Using Individual Assessments to Support Whole School SEL Interventions: Lessons LearnedInform
By: Dr. Gil G. Noam, Director, The PEAR Institute: Partnerships in Education and Resilience
The widespread adoption of social emotional learning (SEL) has led to an increased focus on school climate, curricula to help students manage their emotions, and systems that create consistent behavioral expectations within and across classrooms. These so called universal approaches create the psychological foundation of a well-functioning school. As part of a whole-school SEL approach, assessments help schools answer questions like: How do the students and the teachers view their school climate? Do we find consistency across classrooms when we systematically observe behavior systems? What is the parental attitude toward school bonding? For this reason, many of the assessment in the SEL space are oriented toward understanding whole systems such as schools or school districts.
But SEL is also making inroads in personalized learning, another popular approach in education. Personalized learning moves away from the whole-population view, with its focus on averages and standard deviations from the norm, and instead prioritizes collecting as much data as possible on how a specific student processes information, develops relationships, and has learning interests that combine motivation, engagement, and content learning. Personalized learning aims to propel each child on a path of learning that is as tailored to their interests and needs as possible. Technology that enables the large-scale data collection needed to facilitate personalized learning is revolutionizing classrooms and schools, allowing true individualization for the first time. Despite these innovations, many SEL assessments and interventions remain focused on whole populations.
For this reason, it is time to use SEL assessments that can work for schools on multiple levels, from the personal level to small groups, classrooms, and whole systems. The PEAR Institute: Partnerships in Education and Resilience at McLean Hospital, a Harvard Medical School affiliate, has worked within this space for a very long time and rolled out its first SEL self-report measure over a decade ago. Our challenge was to design a strength-based assessment that could rapidly turn around actionable data reporting to schools and out-of-school-time programs at three tiers of the Multi-Tiered System of Support (MTSS). In this post, we want to share some of the lessons we learned and challenges we faced while developing an SEL assessment at the individual level.
The Holistic Student Assessment (HSA) is a student self-report survey that measures three domains: resiliencies (action orientation, emotion control, assertiveness, empathy, trust, reflection, optimism), learning and school engagement (academic motivation, perseverance, critical thinking, learning interest, school bonding), and relationships (with both peers and adults). HSA data can be presented at both the individual student level, “Portraits,” at the small group level, and at the whole-school or program aggregate level. We consider the HSA a screen. While schools and programs cannot use this assessment to make diagnostic determinations, they can use it as a door to more intensive assessment and discovery. Because the HSA is strength-based, it can be used for educational purposes by helping educators better know the children in their classroom and programs and more clearly understand their strengths and what approaches should be encouraged and reinforced to support learning.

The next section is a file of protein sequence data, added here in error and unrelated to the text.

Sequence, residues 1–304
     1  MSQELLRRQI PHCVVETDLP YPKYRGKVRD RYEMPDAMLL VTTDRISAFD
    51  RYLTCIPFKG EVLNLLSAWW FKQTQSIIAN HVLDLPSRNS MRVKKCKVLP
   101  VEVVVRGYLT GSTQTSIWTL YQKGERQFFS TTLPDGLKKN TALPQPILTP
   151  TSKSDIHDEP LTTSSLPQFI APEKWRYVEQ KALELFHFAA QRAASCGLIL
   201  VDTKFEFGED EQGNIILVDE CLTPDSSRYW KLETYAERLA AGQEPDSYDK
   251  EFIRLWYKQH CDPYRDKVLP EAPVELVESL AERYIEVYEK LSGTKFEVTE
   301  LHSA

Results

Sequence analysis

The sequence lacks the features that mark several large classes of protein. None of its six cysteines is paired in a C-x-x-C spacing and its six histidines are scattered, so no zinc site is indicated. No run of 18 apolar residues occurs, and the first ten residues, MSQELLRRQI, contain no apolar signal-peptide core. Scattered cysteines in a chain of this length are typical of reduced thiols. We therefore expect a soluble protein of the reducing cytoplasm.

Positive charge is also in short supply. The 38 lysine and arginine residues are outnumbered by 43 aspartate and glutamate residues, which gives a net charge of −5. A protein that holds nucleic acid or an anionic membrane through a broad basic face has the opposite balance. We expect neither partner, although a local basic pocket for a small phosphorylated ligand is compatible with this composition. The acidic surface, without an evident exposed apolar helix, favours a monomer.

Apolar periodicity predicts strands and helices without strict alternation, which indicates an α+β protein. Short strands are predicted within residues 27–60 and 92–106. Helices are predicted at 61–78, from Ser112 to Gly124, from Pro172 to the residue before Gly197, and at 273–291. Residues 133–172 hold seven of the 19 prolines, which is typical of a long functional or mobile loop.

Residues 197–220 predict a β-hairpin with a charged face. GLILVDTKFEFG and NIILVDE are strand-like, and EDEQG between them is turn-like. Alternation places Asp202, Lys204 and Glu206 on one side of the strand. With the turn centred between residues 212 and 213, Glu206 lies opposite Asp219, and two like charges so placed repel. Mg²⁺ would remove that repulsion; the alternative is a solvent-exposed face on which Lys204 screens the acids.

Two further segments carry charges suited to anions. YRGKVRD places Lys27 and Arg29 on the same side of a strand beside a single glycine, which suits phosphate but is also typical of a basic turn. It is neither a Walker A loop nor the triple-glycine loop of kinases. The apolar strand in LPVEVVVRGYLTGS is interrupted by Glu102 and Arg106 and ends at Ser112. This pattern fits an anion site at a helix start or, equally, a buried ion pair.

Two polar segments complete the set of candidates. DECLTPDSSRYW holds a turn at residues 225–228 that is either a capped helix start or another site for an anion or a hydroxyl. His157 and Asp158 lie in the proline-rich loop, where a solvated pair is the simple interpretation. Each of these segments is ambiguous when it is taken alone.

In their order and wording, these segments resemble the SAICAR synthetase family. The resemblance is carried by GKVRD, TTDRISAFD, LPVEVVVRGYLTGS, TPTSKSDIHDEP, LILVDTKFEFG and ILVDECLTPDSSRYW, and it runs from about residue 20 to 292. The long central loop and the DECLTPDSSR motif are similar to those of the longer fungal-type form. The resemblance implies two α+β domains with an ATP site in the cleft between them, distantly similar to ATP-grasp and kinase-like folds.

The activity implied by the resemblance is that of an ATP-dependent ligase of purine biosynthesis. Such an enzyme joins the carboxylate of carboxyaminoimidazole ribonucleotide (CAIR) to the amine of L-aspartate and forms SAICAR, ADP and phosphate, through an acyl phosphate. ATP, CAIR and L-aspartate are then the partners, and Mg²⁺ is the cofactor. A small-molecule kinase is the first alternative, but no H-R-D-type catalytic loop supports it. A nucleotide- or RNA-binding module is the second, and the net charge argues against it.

When an assessment moves from a general whole-school view to look at specific students there are a number of different issues that must be addressed. Just because a measure is good for populations does not make it good for individuals. There is a long process of research and development that must happen. Measures that go down to the individual level are often longer because they need more items per construct to be sensitive enough to measure at the individual level, which can make assessment-taking an onerous process.
Another important consideration is the systems that need to be in place to support the assessment and its findings. Just labeling an assessment “SEL” and letting everyone take it for purposes of individualization it is not enough. Schools need systems and SEL training to be able to understand and act on the data they’re collecting. If an infrastructure doesn’t exist, the school or program needs support and guidance in how to build one. Educators need clinical and counseling psychology back-up in order to do this safely. Finally, there’s the issue of student privacy: who can see the data and how it is stored and viewed. Once you go to the individual level, the privacy issues are even more significant than when you look at aggregated data.
During our development of the HSA, we learned that creating an individual-level SEL assessment required significant investments of finances and time. Reflecting on the intensive process, we believe developing an individual-level assessment was worth the effort. By having individualized data available that can work for both multi-systemic approaches and personalized learning, educators can improve the lives of the children they serve both by improving the whole school climate and the experience of individual students by better understanding and supporting their social-emotional needs.
Disclaimer: The Assessment Work Group is committed to enabling a rich dialogue on key issues in the field and seeking out diverse perspectives. The views and opinions expressed in this blog are those of the authors and do not necessarily reflect the official policy or position of the Assessment Work Group, CASEL or any of the organizations involved with the work group.